At the age of 25, in 1999, David journeyed to post-Doi Moi Vietnam as a backpacker. “Vietnam had just opened its borders and I loved the country. The people were so fascinating, the food was amazing. And it was always in the back of my mind that it was a great place and people, and they were so kind to me.”

David didn’t find any pots of gold and instead returned to the UK to work again in banking. Soon after, he became sick with a misdiagnosed illness in his stomach/oesophagus, spending the better part of two years in and out of hospital undergoing operations. The lack of diagnosis and discomfort caused him to quit banking. Eventually, he sought out his own answers with a job at Abbott Laboratories. There, he finally self-diagnosed and got proper treatment.

He later returned for another stint in bars and ended up founding his own award-winning hospitality company, LGR Taverns in London. He discovered he had a knack for maximizing lease deals for breweries and that “the real money was in real estate.” 

He “grinded  it out” once again, engaging in a second degree in real estate, and managing venues on the side. But one day, five years later, he decided it was time for a change. 

“I told my dad, ‘Look, I’m going to move to Vietnam.’ I remember him looking at me and saying, ‘Are you OK, are you having a breakdown?’”

He sold his business, his house … everything. But when he found himself standing alone at Ton San Nhat airport, he thought to himself, “Oh my god, what have I done? I don’t know anything.”

Determined to work in real estate, David moved into a Pham Ngu Lao guest house and hunted out potential employment prospects. Without naming names, out of the big international consulting companies, one of them ignored his emails, another “ripped into him”, and one was fruitless. Returning to the UK was not an option. That left Colliers as his last chance. 

“And so, I have this interview with this guy called Jeffrey, who was head of property management, and it was similar to the other interviews.” It was 2008 and the effects of the global financial crisis were being felt. “He says to me, ‘David, I really like your spirit, I wish you the best of luck, but we’re not looking at hiring anyone.’” As David is being ushered out, he says, “Hey Jeff, I see you have security on the front door. Would you put the security on me if I walked into your office on Monday morning?”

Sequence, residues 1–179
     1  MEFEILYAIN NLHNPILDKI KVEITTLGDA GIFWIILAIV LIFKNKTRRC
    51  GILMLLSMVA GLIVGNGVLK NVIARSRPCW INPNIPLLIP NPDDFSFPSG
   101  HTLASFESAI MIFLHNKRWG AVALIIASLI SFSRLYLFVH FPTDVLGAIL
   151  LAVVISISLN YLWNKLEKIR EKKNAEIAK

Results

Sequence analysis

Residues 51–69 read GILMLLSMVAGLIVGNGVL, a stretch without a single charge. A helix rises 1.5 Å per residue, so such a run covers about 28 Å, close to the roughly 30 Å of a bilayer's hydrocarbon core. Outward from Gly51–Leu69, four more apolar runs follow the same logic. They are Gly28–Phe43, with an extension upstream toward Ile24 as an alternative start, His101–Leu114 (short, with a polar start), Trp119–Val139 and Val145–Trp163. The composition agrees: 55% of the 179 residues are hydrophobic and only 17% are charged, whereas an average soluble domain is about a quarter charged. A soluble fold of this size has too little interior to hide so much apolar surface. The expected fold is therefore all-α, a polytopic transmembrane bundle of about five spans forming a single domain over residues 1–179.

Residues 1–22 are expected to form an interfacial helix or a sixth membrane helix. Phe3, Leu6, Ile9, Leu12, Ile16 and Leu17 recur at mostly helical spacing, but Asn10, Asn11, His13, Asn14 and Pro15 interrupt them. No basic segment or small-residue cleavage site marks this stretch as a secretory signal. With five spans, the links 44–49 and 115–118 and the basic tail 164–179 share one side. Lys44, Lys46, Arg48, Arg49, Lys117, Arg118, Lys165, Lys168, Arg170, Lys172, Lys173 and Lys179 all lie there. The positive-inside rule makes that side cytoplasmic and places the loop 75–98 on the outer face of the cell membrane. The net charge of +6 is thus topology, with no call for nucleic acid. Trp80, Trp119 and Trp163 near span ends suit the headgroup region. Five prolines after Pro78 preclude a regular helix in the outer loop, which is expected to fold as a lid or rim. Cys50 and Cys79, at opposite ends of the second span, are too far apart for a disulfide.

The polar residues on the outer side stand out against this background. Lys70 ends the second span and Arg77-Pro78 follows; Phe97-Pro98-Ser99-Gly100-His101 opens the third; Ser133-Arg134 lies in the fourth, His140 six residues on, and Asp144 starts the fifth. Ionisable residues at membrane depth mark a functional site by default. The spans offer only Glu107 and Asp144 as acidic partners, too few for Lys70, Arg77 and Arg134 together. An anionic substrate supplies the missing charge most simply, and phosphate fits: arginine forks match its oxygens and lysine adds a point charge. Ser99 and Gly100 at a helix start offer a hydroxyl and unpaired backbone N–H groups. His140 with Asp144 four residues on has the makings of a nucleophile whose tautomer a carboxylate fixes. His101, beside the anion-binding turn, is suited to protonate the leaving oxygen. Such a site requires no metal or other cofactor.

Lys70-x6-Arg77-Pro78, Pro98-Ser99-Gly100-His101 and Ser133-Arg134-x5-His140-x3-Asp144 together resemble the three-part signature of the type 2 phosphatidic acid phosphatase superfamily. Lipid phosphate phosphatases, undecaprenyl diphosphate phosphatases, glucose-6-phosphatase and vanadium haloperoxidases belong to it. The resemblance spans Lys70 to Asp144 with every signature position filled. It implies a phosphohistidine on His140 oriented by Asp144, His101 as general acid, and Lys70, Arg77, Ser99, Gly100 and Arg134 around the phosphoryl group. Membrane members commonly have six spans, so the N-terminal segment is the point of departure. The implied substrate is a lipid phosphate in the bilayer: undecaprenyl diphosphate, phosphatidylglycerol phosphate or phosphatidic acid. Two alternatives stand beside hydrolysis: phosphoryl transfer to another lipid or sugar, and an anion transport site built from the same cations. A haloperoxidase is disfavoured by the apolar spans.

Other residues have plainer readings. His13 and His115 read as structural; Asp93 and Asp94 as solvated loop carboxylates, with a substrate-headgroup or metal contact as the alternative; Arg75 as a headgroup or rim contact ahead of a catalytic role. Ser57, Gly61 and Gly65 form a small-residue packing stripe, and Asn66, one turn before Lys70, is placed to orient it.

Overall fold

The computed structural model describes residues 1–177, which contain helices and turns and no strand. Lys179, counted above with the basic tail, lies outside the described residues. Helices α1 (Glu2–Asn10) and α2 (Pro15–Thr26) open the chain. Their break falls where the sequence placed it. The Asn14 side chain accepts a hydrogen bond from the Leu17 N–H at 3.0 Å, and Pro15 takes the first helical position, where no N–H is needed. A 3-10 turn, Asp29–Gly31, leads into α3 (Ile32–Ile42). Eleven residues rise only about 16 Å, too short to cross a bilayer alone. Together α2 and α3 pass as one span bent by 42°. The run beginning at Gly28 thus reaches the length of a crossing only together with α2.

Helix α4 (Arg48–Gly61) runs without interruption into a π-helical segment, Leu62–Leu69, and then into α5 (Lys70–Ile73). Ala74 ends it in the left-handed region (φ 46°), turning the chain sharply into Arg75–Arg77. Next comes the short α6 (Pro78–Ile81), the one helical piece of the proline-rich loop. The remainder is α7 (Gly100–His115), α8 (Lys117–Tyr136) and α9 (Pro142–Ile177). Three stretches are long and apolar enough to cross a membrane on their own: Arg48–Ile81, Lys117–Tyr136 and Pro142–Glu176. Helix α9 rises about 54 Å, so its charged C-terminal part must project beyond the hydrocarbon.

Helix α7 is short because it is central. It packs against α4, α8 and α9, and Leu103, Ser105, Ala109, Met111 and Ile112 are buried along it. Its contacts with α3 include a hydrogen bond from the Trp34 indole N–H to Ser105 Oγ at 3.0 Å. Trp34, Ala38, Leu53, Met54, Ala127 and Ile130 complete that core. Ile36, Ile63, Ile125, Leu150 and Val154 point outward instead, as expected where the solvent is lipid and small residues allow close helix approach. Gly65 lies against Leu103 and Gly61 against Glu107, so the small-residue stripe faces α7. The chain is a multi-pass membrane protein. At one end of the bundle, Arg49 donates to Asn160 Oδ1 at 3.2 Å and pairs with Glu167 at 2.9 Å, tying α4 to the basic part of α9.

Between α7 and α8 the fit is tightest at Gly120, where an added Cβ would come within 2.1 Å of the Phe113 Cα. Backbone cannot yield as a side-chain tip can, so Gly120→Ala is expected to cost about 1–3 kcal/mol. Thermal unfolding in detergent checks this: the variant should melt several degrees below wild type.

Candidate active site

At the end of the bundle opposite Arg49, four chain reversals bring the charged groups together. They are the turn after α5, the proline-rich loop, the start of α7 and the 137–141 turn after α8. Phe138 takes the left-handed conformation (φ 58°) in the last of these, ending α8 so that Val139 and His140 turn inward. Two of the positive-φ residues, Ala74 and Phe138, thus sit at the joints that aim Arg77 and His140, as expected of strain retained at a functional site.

When David strides into the office the following Monday and sets up at a desk, Jeff’s response is one of disbelief. David reminds Jeff that he didn’t technically say that he would put the security onto him, so he “assumed it was okay.” 

They make a no strings attached deal – David will work for free in return for the opportunity to work at Colliers. Within two weeks, David restructures some proposals, shoots off emails via his Gmail account and wins a $250,000 contract. Two weeks later, he wins another $250,000 contract. He approaches Jeff again and says, “Do you think I could get a Colliers’ email address?”

During his 14-year tenure at Colliers, David has taken the company from 15 employees to 120, focusing on training and mentoring. After restructuring the company’s legal status, David also actively transformed the company culture into a more open, friendly, collaborative, and Western-style approach. David has helped expand Colliers into a full-service company, from site identification and design and build to asset services and brokerage.

While chasing rainbows may have initially brought David to Vietnam, today the partial owner of Colliers stands proud of the company he has helped to build. Aside from his philosophy of “grinding it out,” the CEO says, “you’ve got to keep on giving.”